The nationwide outage of Australia’s second-largest telecommunications companies on November 8 should prompt a reconsideration of bringing these essential services under public ownership.
Optus’ outage, still not fully explained, impacted more than 10 million people, meaning they could not access phone networks, messaging, internet or mobile data for more than 12 hours.
Phone services went down at major hospitals, with the Emergency Services Telecommunications Authority urging people to use non-Optus networks to dial Triple Zero.
It meant many were unable to contact emergency services, there were severe delays on Naarm/Melbourne’s train network and EFTPOS machines were out of action.
The outage also impacted Workforce Australia, leaving people on welfare unable to complete the required job searches and reporting to receive their payment. Only after the Australian Unemployed Workers’ Union pointed this problem out on X were mutual obligations suspended.
Optus CEO Bayer Rosmarin blamed the outage on a “technical network fault” that “triggered a cascading failure that resulted in the shutdown of services”.
Rosmarin told the ABC she was “deeply sorry”, but Optus has only offered 200GB of data as compensation.
The outage comes a year after the Optus data breach exposed the personal data of 10 million people, including emails, dates of birth, full names, mobile numbers and drivers’ licence numbers.
The Communication Workers’ Union said the outage “comes just after Optus announced the slashing of over 200 jobs in the last two months … When you repeatedly slash jobs and outsource critical services to contracting companies — this is what happens”.
Federal communications minister Michelle Rowland said the outage would be reviewed and a Senate inquiry, led by Greens Senator Sarah Hanson-Young, has been set up.
Hanson-Young said the inquiry “will look at what responsibility Optus has to protect the public, not just their profits” and “look into the role of the Commonwealth Government in ensuring Australians have access to essential, reliable telecommunications going forward”.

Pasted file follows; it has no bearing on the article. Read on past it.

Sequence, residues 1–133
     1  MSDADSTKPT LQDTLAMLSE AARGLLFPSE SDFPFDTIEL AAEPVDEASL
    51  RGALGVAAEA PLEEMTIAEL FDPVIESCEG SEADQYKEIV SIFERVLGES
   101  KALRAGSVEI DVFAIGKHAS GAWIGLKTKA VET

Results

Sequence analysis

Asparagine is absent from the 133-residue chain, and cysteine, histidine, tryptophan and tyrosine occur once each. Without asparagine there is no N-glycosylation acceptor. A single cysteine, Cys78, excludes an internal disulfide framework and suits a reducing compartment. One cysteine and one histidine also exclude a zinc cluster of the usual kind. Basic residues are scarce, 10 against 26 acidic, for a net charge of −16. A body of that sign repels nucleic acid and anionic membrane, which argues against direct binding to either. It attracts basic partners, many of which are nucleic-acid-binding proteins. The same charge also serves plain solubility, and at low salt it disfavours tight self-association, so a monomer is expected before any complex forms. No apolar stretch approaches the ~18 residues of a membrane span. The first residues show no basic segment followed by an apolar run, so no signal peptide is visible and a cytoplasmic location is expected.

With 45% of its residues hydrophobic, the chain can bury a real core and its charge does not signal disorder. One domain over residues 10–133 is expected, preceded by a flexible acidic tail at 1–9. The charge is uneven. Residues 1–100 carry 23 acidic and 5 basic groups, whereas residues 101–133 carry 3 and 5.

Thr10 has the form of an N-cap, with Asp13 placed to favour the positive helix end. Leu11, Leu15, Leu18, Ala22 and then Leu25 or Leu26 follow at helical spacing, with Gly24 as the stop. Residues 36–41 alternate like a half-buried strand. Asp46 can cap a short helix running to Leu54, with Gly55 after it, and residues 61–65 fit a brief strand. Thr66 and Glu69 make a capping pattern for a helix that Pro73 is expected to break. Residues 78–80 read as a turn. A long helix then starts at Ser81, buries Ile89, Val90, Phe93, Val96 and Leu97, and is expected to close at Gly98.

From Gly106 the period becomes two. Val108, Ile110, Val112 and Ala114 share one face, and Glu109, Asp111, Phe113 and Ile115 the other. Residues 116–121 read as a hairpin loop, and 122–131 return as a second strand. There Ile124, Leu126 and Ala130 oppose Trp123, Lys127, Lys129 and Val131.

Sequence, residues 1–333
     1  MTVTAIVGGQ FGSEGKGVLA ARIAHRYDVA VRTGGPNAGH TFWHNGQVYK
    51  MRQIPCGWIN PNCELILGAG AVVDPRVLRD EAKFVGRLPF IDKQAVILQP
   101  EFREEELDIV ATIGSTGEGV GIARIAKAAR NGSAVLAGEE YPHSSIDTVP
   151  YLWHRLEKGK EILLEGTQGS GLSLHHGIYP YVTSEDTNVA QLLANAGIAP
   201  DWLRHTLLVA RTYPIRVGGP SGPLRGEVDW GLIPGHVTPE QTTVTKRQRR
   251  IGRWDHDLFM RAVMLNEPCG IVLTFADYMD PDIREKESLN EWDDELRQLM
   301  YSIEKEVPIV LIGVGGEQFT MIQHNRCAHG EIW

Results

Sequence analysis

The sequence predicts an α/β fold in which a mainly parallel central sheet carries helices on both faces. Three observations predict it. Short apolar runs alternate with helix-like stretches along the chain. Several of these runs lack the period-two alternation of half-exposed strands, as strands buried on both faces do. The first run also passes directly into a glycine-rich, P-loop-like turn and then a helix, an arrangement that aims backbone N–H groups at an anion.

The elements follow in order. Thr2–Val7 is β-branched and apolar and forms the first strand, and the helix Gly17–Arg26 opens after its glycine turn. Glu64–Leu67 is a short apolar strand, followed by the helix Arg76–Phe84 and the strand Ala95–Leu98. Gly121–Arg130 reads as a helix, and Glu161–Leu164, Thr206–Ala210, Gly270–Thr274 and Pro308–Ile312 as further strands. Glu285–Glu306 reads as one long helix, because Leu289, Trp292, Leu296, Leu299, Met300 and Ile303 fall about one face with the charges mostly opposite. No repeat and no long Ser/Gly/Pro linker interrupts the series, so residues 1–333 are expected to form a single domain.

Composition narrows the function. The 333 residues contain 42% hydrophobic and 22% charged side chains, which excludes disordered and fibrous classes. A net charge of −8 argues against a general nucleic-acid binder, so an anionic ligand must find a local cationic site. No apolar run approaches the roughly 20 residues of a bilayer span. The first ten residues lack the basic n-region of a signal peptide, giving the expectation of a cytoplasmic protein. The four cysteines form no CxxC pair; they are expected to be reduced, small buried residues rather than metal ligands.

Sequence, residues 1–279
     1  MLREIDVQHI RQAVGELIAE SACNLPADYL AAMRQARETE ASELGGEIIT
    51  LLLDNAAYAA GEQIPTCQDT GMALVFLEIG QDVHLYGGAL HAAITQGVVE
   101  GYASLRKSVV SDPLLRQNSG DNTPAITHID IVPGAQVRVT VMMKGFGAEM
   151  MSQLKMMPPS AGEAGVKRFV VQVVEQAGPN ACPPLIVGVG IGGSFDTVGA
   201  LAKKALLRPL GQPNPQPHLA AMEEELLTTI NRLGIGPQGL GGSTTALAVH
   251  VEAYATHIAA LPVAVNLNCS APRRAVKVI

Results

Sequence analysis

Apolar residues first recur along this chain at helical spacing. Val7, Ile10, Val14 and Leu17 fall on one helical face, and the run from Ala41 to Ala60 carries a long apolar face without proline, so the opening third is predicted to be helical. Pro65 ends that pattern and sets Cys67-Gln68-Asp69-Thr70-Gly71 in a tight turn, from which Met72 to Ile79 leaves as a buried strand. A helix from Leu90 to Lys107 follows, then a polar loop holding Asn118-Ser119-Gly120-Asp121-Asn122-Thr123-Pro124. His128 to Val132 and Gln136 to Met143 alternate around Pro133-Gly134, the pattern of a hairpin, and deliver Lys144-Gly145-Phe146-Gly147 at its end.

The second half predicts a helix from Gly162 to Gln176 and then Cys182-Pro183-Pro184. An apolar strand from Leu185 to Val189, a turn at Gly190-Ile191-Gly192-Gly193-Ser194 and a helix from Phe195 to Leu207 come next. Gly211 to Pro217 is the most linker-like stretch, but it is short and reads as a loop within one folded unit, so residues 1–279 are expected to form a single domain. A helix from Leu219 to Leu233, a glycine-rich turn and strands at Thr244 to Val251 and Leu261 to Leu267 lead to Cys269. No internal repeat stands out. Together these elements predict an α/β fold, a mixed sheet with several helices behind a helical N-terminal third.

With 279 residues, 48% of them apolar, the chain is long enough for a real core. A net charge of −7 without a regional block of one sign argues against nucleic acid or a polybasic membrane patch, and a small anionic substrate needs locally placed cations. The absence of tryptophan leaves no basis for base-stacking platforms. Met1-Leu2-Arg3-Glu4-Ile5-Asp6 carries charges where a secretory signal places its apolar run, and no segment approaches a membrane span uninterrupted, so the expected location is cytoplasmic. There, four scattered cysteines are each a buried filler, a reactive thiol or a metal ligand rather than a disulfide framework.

The ABC’s 7.30 reported on November 9 that another outage is likely as Optus and competitor Telstra continue to cut costs to make profits.
Telecommunications academic at RMIT Mark Gregory told the ABC that the Optus network is “not fit for purpose”. He said major phone companies have decided that maintaining secure infrastructure is too expensive.
Access to the internet and communications has become an integral part of day-to-day life. Mobile services are an essential service, not a luxury.
How can we ensure that mobile services are properly maintained, accessible and affordable?
Telstra, Australia’s biggest telecommunications company, was founded by the Commonwealth in 1901 to manage telephone, telegraph and postal services.
It was privatised in the 1990s by the Paul Keating-John Howard governments, leading to inefficiencies, job cuts and a falling quality of service.
Telecommunications consultant Paul Budde told the ABC that the current issues in the phone network go back to Telstra’s privatisation: “It's not just another company like a chocolate factory, no, this is integral to our society, to our economy and that was not recognised when Telstra was privatised and that situation has continued until now.”
Re-nationalisation of the telecommunications network must be on the agenda. With a transparent and democratically elected board, a re-nationalised network would prioritise better service and accessibility over profits; it would mean less signal “blackspots” and outages.
It is not a new or radical idea. Guardian columnist Owen Jones argued in 2014 that the case for nationalising Britain’s phone network was “pretty overwhelming”. He pointed out that companies build phone towers, but don’t share them with their competitors.
“That means that rather than having a network that reflects people’s needs, we are constantly zipping past [towers] we are locked out of ... Profit is prioritised over building an effective network that gives all citizens access.”
Attempts have been made here to force companies to share towers, but this would be much easier with a government-run network.
Jones also highlighted that phone companies make their profits out of government funded research, including GPS, touch screens, speech recognition and even the internet.
“These companies aren’t the result of some individual entrepreneur in the garage. It was all state-funded from the start,” economics professor Mariana Mazzucato told The Guardian.
Federal governments have been slow to adapt to rapidly changing technology, with the infamously inadequate roll-out of the National Broadband Network (NBN) a case in point.
The issues plaguing the country’s two biggest telecommunications companies are the result of prioritising profits above all else.